Monthly Archives: December, 2015

Orbital’s Return to Flight

From Space.com:

Orbital ATK’s unmanned Cygnus spacecraft is set to embark upon its return-to-flight mission tonight (Dec. 3), carrying more than 7,700 lbs. (3500 kilograms) of research materials, crew supplies and hardware for the International Space Station — and you can watch the liftoff live.

The Cygnus is scheduled to launch at 5:55 p.m. EST (2255 GMT) from Cape Canaveral Air Force Station in Florida aboard a United Launch Alliance Atlas V rocket, in the first liftoff for the freighter since Orbital’s Antares rocket exploded during a cargo delivery last October. (Cygnus will fly atop an Atlas V until a revamped version of Antares is ready to go.) The launch will initiate the fourth of eight resupply missions Orbital ATK is flying under a $1.9 billion contract with NASA. The live webcast of the OA-4 mission will begin at 4:30 p.m. EST (2130 GMT), and you can watch it here at Space.com, courtesy of NASA TV.

As of this morning, there’s a 60 percent chance that weather conditions will be favorable for the launch, U.S. Air Force officials reported. If the launch occurs on schedule, the spacecraft will reach the space station Sunday, Dec. 6, where NASA astronaut Kjell Lindgren will take point on capturing it via the station’s Canadarm2 robotic arm, assisted by NASA astronaut Scott Kelly. If weather conditions worsen, the team will attempt to launch again tomorrow (Dec. 4) for a Dec. 7 or Dec. 8 arrival.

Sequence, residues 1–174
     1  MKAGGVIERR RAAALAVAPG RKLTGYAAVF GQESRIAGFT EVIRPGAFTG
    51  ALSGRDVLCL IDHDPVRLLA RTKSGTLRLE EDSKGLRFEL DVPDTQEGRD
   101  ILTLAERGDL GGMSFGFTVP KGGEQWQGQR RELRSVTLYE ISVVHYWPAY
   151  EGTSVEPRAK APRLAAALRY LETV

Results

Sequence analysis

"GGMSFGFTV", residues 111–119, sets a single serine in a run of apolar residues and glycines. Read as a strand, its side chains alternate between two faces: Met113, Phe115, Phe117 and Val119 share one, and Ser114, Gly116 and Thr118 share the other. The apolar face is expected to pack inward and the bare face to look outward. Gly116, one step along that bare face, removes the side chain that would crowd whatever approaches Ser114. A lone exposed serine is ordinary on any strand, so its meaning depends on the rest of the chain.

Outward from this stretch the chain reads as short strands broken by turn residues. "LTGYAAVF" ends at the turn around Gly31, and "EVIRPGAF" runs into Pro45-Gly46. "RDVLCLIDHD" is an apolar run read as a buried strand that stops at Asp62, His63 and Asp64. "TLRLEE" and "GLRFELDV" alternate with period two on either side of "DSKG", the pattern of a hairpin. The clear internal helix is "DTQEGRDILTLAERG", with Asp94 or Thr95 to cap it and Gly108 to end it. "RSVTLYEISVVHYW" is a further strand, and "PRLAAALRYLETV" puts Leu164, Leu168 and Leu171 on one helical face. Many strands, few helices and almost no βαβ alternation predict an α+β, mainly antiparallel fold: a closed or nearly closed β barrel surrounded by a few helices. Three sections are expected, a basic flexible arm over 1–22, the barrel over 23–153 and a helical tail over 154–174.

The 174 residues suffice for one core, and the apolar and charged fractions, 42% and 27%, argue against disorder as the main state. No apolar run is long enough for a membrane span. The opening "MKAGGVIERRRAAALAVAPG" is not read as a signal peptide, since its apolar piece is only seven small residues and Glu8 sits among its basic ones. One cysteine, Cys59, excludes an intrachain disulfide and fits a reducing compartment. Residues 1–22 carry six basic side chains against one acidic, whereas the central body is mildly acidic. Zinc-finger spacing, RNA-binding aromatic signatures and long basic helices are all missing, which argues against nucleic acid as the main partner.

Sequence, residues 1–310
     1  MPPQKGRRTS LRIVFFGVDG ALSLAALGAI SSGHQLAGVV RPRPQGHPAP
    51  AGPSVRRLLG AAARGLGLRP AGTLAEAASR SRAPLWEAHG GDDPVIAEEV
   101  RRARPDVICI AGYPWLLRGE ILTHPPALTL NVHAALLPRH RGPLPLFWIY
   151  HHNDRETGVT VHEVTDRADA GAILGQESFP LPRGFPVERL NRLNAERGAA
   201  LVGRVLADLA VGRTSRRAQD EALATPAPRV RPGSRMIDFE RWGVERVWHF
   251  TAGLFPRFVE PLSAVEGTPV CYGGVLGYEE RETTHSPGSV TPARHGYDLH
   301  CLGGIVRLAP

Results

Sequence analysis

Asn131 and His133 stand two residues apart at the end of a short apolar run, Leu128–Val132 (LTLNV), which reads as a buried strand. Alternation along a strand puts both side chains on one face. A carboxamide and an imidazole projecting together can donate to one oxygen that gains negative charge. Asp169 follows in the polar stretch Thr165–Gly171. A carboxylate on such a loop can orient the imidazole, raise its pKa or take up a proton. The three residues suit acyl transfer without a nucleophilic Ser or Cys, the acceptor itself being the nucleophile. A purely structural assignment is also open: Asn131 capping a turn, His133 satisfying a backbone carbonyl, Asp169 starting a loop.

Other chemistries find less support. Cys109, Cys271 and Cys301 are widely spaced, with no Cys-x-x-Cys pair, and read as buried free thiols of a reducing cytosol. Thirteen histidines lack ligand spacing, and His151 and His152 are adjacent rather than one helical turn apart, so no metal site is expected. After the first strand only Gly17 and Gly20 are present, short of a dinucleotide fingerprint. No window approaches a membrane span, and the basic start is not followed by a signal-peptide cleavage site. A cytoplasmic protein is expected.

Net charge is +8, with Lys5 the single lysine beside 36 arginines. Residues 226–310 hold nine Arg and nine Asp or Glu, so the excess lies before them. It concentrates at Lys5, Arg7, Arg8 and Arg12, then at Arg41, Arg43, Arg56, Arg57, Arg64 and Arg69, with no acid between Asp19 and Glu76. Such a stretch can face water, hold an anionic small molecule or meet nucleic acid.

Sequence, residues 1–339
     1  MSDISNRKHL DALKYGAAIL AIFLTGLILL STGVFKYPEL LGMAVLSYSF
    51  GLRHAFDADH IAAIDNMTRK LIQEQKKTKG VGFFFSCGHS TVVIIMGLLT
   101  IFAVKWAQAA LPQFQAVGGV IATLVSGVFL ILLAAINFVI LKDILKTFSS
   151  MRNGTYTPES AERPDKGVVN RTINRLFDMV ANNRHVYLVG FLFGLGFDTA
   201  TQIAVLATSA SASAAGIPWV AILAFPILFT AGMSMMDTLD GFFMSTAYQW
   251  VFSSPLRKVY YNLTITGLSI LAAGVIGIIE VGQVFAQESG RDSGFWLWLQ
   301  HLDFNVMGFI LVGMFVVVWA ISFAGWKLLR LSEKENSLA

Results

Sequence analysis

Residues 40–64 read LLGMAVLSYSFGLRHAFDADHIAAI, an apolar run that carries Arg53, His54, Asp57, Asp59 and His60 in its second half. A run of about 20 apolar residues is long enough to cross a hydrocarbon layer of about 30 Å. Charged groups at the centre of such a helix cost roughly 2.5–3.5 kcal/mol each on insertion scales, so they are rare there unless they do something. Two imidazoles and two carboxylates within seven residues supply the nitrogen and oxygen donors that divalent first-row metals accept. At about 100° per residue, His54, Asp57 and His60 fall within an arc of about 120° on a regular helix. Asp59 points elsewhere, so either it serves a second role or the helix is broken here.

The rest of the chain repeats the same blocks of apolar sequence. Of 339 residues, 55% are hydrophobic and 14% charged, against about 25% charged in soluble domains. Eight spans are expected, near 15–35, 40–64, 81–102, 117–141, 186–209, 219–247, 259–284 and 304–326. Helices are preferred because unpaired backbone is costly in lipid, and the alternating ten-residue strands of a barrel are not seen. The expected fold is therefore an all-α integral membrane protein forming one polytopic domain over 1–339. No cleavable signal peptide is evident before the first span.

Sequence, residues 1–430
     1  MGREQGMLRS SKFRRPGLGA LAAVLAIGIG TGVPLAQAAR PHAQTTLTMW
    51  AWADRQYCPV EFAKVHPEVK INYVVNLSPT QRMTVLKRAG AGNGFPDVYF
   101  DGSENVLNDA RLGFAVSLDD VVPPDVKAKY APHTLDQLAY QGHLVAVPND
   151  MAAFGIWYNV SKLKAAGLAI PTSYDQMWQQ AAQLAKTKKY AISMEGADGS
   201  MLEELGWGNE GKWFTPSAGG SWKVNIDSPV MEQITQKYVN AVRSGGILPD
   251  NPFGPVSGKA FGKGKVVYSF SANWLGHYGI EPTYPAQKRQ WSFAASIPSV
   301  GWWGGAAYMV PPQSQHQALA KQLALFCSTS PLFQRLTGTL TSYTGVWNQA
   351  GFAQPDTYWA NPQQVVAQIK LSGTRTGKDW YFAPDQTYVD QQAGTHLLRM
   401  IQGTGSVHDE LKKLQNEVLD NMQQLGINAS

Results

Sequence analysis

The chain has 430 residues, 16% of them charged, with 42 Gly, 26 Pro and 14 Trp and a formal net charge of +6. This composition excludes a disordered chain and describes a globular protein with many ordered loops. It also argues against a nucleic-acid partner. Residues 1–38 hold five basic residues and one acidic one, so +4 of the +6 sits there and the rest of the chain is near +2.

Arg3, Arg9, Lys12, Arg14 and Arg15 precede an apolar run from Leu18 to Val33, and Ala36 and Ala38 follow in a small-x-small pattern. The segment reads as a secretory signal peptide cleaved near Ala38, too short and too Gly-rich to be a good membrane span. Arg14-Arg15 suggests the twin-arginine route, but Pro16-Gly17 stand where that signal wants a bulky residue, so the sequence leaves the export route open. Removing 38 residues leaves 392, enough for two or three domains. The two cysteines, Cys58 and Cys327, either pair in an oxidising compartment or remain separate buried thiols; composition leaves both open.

Even though the Orbital ATK Cygnus freighter is on top of an ULA Atlas V rocket, this is an important flight for the Commercial Resupply Program.

SpaceX and the Russian Progress plan return to launches within thirty days.

Full article.

Update:

The launch attempt was scrubbed before the window was officially closed due to deteriorating weather conditions. This is unusual, but not entirely expected when the probability of Go-for-Launch conditions dropped from 40% to 30% down to 10% throughout the day.

The next launch window opens at 5:33pm ET tomorrow, again lasting for 30 minutes. The weather forecast remains grim, with only a 30% chance of acceptable conditions. If it also gets scrubbed, the mission has additional windows on December 5th and 6th before mission planners need to get creative.

See rest here.